Cattle grazing and fencing at Stoke Park

Cattle grazing and fencing at Stoke Park

Cattle and goat grazing in Stoke Park, changes to gates and fencing and guidance for walking in fields with cattle in them.

What’s happening

Stoke Park has historically been used for grazing cattle.

Cattle grazing helps the land because it:

  • helps stop the spread of scrub and invasive, fast-growing trees, so that a wider range of grassland plants and wildlife can grow
  • provides a more sustainable and natural way to manage the land, particularly where scrub can’t be controlled by machines

As cattle grazing is re-introduced: 

  • fences will be put up that follow the line of old fences and where they are needed to stop cattle getting out of the field
  • pedestrian gates as well as squeeze points, this is access for people and dogs but not cattle, will be installed in the fences by taking into consideration the network of paths    
  • historic hedgerows will be restored
  • signs will be put up on site to direct you to the nearest gate

Using fields with cattle in

Cattle will be moved between fields in different parts of the estate from April to November. When cattle are grazing in a field, we’ll put up notices on the gates to the field. 

You’ll be able to walk through all fields with cattle in using a number of gates.  In fields where cattle are grazing you should: 

  • not approach, chase or feed the cattle
  • keep dogs on a lead at all times and if cattle approach your dog, let the lead go
  • shut gates behind you

If you want to avoid fields with cattle in, there are other areas of the estate you can walk in. 

In case of an emergency involving the cows such as injuries or dog attacks call David Baverstock and Son on 0770 468233.

Goat grazing in the WWII anti aircraft gun battery

From November 2020 through to March 2021 there will be 6 to 8 goats on site depending on the vegetation growth.

The goats’ primary purpose is to graze the scrub that has grown up around the Purdown Gun Battery. 

Depending on how they get on, and the vegetation, they may be back again in May to June 2021 in the lead up to the summer holidays.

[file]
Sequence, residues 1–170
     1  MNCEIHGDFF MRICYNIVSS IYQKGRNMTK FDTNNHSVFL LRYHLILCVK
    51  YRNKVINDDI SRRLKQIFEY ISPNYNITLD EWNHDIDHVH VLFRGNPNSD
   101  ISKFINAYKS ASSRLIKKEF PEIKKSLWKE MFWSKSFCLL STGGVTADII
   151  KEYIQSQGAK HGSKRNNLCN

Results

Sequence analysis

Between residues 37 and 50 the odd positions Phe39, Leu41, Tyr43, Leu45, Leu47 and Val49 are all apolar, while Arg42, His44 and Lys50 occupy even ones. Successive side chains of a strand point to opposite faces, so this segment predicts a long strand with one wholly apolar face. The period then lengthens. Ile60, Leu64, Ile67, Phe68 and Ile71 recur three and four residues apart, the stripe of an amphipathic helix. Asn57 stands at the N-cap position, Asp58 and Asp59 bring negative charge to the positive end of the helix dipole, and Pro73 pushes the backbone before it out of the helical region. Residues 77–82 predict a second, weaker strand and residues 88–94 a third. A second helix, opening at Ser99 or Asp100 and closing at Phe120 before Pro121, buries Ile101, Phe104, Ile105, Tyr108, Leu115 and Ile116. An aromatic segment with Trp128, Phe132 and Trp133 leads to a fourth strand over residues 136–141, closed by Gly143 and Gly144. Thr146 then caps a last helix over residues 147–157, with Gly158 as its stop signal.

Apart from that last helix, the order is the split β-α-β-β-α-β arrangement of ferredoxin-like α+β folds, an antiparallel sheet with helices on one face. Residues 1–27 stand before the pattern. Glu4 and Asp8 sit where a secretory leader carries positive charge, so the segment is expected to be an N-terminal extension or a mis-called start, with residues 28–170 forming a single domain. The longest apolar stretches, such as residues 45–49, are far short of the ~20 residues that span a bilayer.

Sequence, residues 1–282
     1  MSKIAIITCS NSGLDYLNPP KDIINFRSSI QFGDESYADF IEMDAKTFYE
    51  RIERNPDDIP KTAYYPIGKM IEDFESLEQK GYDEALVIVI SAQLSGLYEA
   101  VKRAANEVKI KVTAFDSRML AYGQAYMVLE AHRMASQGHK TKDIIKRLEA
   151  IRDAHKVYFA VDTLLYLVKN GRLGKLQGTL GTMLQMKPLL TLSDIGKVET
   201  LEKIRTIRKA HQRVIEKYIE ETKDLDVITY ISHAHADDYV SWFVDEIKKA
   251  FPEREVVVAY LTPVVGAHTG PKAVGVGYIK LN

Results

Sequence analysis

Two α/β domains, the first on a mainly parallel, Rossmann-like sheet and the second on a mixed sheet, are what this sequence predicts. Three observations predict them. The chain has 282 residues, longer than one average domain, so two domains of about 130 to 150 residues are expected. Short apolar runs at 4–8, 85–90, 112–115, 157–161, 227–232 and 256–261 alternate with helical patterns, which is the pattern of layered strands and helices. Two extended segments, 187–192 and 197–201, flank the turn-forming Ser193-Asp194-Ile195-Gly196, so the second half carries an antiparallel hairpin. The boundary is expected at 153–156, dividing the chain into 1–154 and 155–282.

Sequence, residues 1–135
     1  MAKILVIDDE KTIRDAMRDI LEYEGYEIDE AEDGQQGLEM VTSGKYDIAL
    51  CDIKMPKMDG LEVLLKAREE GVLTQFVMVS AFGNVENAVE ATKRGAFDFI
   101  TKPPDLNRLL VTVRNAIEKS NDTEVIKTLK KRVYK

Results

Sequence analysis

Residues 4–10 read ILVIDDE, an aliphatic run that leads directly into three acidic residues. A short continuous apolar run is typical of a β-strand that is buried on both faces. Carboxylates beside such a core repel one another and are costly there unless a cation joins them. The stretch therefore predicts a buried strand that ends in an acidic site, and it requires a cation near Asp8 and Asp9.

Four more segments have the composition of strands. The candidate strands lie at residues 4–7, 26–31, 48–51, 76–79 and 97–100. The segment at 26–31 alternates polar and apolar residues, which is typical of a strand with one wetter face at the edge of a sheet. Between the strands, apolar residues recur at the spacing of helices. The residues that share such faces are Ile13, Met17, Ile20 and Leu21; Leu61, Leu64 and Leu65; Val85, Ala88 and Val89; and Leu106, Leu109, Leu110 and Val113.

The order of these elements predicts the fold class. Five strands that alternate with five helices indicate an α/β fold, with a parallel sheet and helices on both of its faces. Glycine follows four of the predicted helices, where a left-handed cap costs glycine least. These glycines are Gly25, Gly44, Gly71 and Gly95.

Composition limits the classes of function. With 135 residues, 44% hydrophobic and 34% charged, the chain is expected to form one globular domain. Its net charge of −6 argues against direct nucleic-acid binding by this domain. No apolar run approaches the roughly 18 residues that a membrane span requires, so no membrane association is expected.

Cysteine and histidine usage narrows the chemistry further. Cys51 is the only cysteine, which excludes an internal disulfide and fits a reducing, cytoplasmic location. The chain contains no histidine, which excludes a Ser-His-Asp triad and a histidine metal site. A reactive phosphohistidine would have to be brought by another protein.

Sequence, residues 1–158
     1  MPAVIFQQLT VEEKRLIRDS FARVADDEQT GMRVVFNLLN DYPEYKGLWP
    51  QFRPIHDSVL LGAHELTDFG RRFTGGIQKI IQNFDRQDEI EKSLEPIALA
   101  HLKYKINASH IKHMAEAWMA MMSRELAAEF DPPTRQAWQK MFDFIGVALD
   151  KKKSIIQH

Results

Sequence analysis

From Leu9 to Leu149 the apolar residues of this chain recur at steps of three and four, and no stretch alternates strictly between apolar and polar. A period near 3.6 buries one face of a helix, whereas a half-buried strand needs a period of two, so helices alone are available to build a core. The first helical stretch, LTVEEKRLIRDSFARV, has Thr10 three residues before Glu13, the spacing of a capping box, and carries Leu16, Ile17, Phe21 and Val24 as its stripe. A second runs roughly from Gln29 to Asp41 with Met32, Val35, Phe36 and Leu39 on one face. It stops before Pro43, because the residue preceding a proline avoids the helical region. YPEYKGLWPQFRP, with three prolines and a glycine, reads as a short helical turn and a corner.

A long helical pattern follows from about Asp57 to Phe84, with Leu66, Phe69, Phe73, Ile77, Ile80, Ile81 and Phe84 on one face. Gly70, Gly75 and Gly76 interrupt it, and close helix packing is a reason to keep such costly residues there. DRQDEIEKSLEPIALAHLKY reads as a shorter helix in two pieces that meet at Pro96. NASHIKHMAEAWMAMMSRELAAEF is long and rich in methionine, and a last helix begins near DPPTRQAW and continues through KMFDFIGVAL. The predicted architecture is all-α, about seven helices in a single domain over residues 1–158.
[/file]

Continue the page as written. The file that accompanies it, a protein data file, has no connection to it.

There will be a:

  • small shelter for the goats to provide them with some protection from the weather and a quiet place to rest
  • water trough inside the enclosure to ensure that they have plenty of water

Volunteers and the Street Goat team will be on site regularly to keep an eye on the animals and to provide them with hay and anything else they may need. 

Working with Street Goat in this way has multiple benefits to the site and community:

  • Keeping the scrub managed will help to preserve this precious piece of World War 2 heritage. 
  • Less scrub means better views of the monument, the park and Bristol, and also make the area feel safer and more loved.
  • Grazing the scrub using goats (as opposed to using a strimmer or mower) helps to promote better habitat for wildlife. 
  • Gives volunteers from the local community an opportunity to learn new skills and get closer to nature.
  • Allows visitors to the park an opportunity to learn more about goats and the benefits they bring.

You'll be able to walk through the gun battery when goats are grazing but we ask you follow the guidance below:

  • don't approach, chase or feed the goats
  • keep dogs on a lead at all times when goats are grazing
  • follow advice on goat-grazing times: notices will be located on the grazing areas to advise you when goats are grazing 
  • shut gates behind you

If you’re concerned about touching gates during this time, there is an alternative route that goes around the edge of the fenced area. 

The goats are the property of Street Goat and they will be responsible for their welfare. Contact Street Goat to raise any concerns.

Proposed changes to cattle fences and gates: response to feedback

Based on feedback about proposed changes to the cattle fences around the Vench, and installation of additional gates, we’ve decided to:

  • remove the fencing in front of the Vench: moving it back to the hedgeline to the east and west of the Vench
  • install 18 additional gates

These changes will now be carried out.

For details see our Stoke Park plans:

The feedback was received from:

  • an online form following published revised plans
  • emails before and after the revised plans were issued
  • the ‘walk and talk’ on the 26 January 2019
  • independent conversations including with a walking group

Stoke Park Risk Assessment around grazing

In running our estates we carry out risk assessments related to management and activities taking place.  This cattle grazing risk assessment (pdf, 128KB) (opens new window) relates to cattle grazing being introduced at Stoke Park. At the request of a number of interested parties we are publishing it.